Art exhibition brings Bohemian Paris to Sweden
Feb 20, 2008, 16:55 GMT
Stockholm - Sweden is to showcase the bygone era of Parisian nightlife in the form of the colourful works by French post- impressionist painter Henri de Toulouse-Lautrec (1864-1901) on Thursday.
Toulouse-Lautrec is best known for his colourful portrayal of 19th century Bohemian dancehalls, brothels and theatres in the French capital, particularly venues such as the Moulin Rouge cabaret in the red-light district of Pigalle where he spent a great deal of time.
The exhibition at the National Museum in Stockholm will include some 200 of his drawings, posters and oil paintings. Many are on loan from the Toulouse-Lautrec museum in Albi, southern France where the artist was born 1864.
'Somehow, everyone knows who the artist was,' the head of the museum Professor Solfrid Soderlind said on the eve of the opening Wednesday.
It is 40 years since the museum staged a similar presentation of work by the artist who 'really understood how to disseminate his images, he added.
The first room in the exhibition opens with a 'firework display of posters,' Curator Per Hedstrom said of the posters with their strong colours that were used by the emerging entertainment business to promote individual artists or shows.
The exhibition also features a poster Toulouse-Lautrec produced for the Moulin Rouge in 1891 that 'famous overnight,' Hedstrom said pointing to the 'bolder tougher style' of the work compared to that of contemporaries such as Jules Cheret.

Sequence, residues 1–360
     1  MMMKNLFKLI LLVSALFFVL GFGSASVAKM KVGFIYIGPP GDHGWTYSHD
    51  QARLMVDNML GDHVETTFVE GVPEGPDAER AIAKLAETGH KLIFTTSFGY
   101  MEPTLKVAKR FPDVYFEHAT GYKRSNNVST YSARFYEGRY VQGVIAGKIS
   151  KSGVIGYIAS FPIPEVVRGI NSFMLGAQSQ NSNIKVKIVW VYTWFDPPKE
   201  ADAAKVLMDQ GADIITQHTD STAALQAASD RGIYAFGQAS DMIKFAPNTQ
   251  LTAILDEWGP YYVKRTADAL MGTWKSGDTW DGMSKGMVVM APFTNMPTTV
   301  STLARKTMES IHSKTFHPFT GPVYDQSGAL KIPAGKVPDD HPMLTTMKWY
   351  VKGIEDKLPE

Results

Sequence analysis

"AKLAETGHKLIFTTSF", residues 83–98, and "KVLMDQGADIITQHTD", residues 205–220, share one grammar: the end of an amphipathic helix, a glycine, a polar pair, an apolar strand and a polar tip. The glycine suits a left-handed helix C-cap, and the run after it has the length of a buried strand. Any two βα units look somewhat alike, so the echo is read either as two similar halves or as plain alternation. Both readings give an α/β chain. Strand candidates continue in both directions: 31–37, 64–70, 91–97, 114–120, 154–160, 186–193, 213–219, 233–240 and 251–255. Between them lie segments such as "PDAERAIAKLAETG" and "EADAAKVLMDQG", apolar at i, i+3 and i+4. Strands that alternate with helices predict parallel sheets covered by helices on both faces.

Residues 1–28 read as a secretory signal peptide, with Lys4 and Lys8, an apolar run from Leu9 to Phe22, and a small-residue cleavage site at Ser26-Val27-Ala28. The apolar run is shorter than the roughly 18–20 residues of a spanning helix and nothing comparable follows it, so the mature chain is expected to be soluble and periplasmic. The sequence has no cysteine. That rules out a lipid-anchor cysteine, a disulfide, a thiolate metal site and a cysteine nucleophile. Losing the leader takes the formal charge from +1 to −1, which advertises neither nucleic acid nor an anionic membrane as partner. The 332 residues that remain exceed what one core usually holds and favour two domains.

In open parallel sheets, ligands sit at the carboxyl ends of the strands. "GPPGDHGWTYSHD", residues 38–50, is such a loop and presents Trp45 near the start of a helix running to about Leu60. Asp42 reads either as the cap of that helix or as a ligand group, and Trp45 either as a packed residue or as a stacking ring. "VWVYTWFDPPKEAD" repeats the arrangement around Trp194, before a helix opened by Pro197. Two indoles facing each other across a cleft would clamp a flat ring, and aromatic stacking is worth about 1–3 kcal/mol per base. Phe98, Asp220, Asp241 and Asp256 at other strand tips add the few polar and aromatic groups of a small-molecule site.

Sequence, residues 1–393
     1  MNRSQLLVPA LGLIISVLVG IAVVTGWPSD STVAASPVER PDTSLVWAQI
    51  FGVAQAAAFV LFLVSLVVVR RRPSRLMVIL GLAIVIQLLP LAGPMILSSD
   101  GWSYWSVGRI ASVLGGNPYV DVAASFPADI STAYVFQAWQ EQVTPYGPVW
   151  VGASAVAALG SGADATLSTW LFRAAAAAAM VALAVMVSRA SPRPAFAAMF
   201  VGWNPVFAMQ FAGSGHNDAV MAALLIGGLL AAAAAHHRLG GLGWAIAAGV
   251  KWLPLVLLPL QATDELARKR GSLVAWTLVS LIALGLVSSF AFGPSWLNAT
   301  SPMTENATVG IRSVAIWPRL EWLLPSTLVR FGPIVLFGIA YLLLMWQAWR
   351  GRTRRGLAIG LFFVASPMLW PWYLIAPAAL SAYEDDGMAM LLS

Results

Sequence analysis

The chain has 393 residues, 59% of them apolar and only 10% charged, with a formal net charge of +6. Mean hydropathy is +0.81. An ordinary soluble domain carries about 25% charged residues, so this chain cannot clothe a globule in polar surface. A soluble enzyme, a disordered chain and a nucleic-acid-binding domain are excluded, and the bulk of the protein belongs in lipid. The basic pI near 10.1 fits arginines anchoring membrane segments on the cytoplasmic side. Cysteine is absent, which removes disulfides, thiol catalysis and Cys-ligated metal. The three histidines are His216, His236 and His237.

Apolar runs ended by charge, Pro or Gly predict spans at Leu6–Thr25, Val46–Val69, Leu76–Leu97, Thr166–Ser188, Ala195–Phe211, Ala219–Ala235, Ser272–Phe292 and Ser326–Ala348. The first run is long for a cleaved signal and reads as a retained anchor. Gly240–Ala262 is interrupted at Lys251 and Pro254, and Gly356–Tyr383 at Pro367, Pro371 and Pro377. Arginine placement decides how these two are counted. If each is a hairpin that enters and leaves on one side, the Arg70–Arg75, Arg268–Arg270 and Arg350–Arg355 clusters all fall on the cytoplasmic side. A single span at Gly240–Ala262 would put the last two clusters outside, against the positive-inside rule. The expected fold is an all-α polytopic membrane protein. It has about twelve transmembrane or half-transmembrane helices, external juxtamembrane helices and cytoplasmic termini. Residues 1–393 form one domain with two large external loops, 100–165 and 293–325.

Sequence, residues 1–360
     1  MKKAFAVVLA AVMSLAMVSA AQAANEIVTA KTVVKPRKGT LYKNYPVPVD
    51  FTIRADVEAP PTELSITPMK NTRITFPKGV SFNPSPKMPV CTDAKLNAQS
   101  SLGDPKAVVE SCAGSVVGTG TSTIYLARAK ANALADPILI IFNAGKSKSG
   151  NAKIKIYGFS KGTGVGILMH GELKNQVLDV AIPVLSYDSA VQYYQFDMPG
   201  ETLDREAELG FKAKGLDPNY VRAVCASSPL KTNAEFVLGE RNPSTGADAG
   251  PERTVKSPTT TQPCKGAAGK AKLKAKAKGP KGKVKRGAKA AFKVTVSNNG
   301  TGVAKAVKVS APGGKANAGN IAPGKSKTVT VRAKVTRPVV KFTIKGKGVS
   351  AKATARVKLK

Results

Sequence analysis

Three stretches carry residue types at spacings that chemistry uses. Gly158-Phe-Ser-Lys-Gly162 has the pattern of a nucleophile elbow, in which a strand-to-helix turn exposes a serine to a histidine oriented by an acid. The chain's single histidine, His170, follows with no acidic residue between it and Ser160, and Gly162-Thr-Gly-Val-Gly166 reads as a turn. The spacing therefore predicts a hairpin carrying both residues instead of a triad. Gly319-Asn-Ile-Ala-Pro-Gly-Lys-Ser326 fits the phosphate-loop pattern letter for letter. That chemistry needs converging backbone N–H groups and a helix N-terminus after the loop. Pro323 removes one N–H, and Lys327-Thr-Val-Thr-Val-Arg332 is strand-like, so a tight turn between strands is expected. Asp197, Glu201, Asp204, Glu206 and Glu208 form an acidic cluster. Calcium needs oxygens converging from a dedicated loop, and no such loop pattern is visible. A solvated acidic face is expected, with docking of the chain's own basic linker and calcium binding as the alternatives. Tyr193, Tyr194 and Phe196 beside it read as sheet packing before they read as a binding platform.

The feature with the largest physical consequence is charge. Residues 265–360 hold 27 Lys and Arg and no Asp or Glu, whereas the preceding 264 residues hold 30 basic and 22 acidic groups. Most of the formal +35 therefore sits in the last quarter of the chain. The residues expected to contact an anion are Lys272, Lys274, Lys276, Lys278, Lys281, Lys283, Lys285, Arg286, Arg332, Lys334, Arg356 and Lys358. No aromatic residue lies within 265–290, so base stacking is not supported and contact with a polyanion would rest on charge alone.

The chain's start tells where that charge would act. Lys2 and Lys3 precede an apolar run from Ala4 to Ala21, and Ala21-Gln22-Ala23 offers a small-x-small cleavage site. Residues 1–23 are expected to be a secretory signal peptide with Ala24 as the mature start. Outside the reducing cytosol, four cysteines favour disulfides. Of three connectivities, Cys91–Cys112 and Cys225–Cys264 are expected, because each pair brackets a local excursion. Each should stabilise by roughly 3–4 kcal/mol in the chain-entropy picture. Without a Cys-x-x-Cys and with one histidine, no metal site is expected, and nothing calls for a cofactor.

Samples of Toulouse-Lautrec's portraits and paintings of restaurant interiors, cafes and family life are also among the works.
The museum has used mirrors, velvet sofas and red-coloured walls to recreate the interiors of brothels that the artist often visited, and that provided many of his models. It also highlighted how extensive prostitution was at the time.
Toulouse-Lautrec suffered from poor health and a bone disorder, possibly due to intermarriage. He broke both his thighbones in his teens that severely stunted his growth and made him disabled.
This is believed to have contributed to his sense of being an 'outsider,' just like many of the prostitutes and working women featured in his work, Hedstrom said.
Toulouse-Lautrec died in 1901 a few months short of his 37th birthday from complications attributed to alcoholism and syphilis, but created an extensive body of work including more than 700 paintings, 360 prints and thousands of drawings.
A separate exhibition where students from the University College of Arts, Crafts and Design display their work under the title 'To use Lautrec' will run in tandem with the main exhibition.
Both exhibitions run through May 25. More details on the internet: www.nationalmuseum.se